Atul Gawande’s essay “Letting Go” won’t let go of me. I’m on my third reading since it appeared in The New Yorker in early August. Subtitled “What should medicine do when it can’t save your life,” the story holds particular power because of the clarity it brings to a subject so desperate for light: how we die.
Death was a tough enough nut before medical science became so adept at saving people who in another time would have bled to death, been defenseless against infection, or had no alternative when the organs they were born with gave out; when no one had to ask whether it’s murder to remove from artificial respiration an unaware and incoherent human being, living what Gawande terms “a warehoused oblivion.” Even ancient rites of passage have been supplanted by 24/7 monitors and an IV drip.
Gawande, a surgeon at Boston’s Brigham and Women’s Hospital, writes of a terminal patient whose sibling wanted to know if her sister was dying. “I wasn’t even sure what the word “dying” meant anymore. In the past few decades, medical science has rendered obsolete centuries of experience, tradition, and language about our mortality, and created a new difficulty for mankind: how to die.”
What I find particularly helpful about Gawande’s piece is its insight into death’s shape-shifting reality, and the position it places doctors, who are expected to know what’s going to happen and when, what to do, explain it well, listen even better, and not trample on hope in the process. This gets even more dicey when cost enters the equation -- money and death are a toxic pairing for dialogue, and today cost and care are inextricably linked. The last thing medical staff want to do is destroy a patient’s hope, and yet what is the doctor to say when the truth, to the degree it is possible to know, is that the patient is dying. The only question is when.
At such a time, communication is as important to get right as a dose of medicine. “A family meeting is a procedure,” a palliative-care specialist tells Gawande, “and it requires no less skill than performing an operation.” And yet communication can be the least of a doctor’s skills.
Gawande writes: “Surveys of patients with terminal illness find that their top priorities include, in addition to avoiding suffering, being with family, having the touch of others, being mentally aware, and not becoming a burden to others. Our system of technological medical care has utterly failed to meet these needs.”
It is a further complication that what a doctor says isn’t necessarily what a patient hears, even when both ostensibly speak the same language. New studies show that patients hear the good news and tend not to hear the bad. Additionally complicating is that, according to a hospice nurse Gawande quotes, patients can somehow understand a fatal diagnosis without acknowledging they are dying. So how should medical professionals negotiate that emotional chasm between working to prolong a patient’s life and telling the patient he or she is dying? Destroying hope does harm, and a patient’s capacity to hear harsh truth varies. But getting the patient and family to an understanding about dying carries this additional incentive: research increasingly shows that palliative treatment for the terminally ill improves quality of life and in some cases extends it.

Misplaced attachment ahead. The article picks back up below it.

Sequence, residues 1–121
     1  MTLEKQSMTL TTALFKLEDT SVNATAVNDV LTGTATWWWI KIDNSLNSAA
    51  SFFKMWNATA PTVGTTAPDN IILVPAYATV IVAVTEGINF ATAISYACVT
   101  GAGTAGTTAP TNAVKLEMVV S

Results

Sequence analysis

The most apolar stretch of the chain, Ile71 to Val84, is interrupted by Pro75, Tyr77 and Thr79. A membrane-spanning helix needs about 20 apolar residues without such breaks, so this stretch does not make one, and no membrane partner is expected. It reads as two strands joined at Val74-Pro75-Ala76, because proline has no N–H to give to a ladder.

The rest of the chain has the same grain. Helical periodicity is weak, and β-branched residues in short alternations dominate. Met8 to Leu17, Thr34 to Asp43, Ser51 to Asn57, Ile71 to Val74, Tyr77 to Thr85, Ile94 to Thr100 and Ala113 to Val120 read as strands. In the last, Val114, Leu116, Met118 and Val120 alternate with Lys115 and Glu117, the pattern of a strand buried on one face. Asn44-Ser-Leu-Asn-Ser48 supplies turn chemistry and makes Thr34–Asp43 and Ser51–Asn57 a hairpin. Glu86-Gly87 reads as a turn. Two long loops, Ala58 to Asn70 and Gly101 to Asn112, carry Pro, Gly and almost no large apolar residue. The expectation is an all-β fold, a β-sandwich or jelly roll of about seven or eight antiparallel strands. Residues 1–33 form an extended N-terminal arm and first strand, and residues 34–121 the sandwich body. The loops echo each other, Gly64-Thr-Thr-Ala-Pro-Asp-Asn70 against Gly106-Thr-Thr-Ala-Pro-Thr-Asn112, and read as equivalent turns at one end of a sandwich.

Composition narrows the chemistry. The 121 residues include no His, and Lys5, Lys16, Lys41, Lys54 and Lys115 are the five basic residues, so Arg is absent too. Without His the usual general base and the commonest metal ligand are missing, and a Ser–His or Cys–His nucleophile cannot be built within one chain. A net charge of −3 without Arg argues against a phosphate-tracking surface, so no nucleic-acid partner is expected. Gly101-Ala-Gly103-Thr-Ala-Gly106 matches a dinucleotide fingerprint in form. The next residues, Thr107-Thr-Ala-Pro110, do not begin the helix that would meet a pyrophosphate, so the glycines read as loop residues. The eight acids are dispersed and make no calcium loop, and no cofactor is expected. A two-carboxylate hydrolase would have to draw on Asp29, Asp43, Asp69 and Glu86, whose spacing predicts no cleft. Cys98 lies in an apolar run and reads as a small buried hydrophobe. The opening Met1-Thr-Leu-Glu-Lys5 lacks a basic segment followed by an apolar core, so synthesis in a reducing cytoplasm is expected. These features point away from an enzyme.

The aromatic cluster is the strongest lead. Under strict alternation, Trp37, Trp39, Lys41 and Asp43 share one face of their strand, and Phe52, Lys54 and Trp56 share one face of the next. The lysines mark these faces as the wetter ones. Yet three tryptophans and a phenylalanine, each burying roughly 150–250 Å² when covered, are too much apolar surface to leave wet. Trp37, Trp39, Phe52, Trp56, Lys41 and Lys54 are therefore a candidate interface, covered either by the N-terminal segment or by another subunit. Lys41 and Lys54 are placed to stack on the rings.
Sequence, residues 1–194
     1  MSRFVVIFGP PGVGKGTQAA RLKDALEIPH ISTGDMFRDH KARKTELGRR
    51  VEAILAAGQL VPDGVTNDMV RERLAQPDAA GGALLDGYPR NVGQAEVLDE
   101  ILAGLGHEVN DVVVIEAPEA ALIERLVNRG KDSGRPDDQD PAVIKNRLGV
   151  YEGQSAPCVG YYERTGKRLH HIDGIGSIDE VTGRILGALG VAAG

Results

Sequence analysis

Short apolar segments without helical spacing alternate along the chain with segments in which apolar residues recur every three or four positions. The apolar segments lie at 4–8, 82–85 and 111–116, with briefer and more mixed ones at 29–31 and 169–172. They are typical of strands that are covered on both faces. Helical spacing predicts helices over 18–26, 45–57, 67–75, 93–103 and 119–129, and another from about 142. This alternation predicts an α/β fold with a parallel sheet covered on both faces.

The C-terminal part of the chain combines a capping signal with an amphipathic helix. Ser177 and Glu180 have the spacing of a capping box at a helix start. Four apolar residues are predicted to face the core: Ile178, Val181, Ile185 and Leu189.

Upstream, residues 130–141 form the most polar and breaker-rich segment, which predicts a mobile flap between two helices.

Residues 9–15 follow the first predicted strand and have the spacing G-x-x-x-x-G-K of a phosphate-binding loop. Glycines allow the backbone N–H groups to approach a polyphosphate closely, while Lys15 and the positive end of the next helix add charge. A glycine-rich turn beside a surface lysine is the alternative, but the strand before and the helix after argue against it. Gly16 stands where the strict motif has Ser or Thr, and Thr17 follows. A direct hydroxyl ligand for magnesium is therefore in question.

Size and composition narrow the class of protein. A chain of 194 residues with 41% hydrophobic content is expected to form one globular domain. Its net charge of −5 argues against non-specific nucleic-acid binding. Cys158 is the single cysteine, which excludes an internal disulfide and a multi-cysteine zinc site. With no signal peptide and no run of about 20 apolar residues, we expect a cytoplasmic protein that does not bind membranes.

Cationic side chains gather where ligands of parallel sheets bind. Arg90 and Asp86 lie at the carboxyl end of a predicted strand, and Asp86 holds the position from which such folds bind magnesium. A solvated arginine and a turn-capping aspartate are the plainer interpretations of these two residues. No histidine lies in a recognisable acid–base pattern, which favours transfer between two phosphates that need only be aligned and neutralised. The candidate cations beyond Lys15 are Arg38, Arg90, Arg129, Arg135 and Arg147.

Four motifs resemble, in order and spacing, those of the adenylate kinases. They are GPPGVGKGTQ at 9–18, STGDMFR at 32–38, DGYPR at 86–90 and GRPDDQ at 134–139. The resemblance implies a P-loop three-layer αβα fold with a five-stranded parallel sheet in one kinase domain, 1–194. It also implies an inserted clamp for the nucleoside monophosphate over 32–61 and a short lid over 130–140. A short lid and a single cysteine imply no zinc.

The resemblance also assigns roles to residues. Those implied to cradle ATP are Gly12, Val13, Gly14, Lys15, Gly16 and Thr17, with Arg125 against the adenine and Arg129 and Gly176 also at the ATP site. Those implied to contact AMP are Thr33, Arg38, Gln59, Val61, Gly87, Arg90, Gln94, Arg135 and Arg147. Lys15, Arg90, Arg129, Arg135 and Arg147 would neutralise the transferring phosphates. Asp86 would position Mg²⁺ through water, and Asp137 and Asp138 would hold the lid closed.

The Community Ethics Committee, formed as an independent group to provide consultation services to the Harvard teaching hospitals, has brought a public voice to the bioethics dialogue for more than three years now. Our conversations seldom stray far from mortality. Should medical staff be required to administer CPR to a dying patient if the family wants it, even if CPR offers no therapeutic benefit and would make the patient’s last living experience one of violence? What is the toll on medical staff made to perform that act? When is it OK to harvest a dying pediatric patient’s organs? If an organ is available from another institution, but was harvested seconds or minutes earlier than your hospital deems appropriate, is it ethical to give the organ to a patient in desperate need? What matters more, the organ’s ethical taint, or the potential life saved? Is it ever OK for a doctor to participate in euthanasia or assist in suicide? If not, is it appropriate to prescribe medication for a dying patient strong enough to alleviate merciless pain when both prolonging life and ending it are possible outcomes?
And what is a death panel, anyway? I’ve thought about that peripheral subject only enough to dismiss it as a political fiction, but the public fear behind it is so very real and daunting, as is the distrust behind the fear.
“The simple view is that medicine exists to fight death and disease, and that is, of course, its most basic task,” Gawande writes. “But the enemy has superior forces. Eventually it wins. And, in a war that you cannot win, you don’t want a general who fights to the point of annihilation. You don’t want Custer. You want Robert E. Lee, someone who knew how to fight for territory when he could and how to surrender when he couldn’t, someone who understood that the damage is greatest if all you do is fight to the bitter end.”
Alas, contemporary medicine lacks both Custers and Lees, according to Gawande. “All-out treatment, we tell the terminally ill, is a train you can get off at any time -- just say when. But for most patients and their families this is asking too much. They remain riven by doubt and fear and desperation; some are deluded by a fantasy of what medical science can achieve. But our responsibility, in medicine, is to deal with human beings as they are.”
Which requires superior communication skills. This conversation, no mere mortal, might go on forever. So I’m hanging on to “Letting Go.”
-- Though Paul C. McLean is a member of the Community Ethics Committee, this blog entry does not necessarily express the views of the CEC or other members.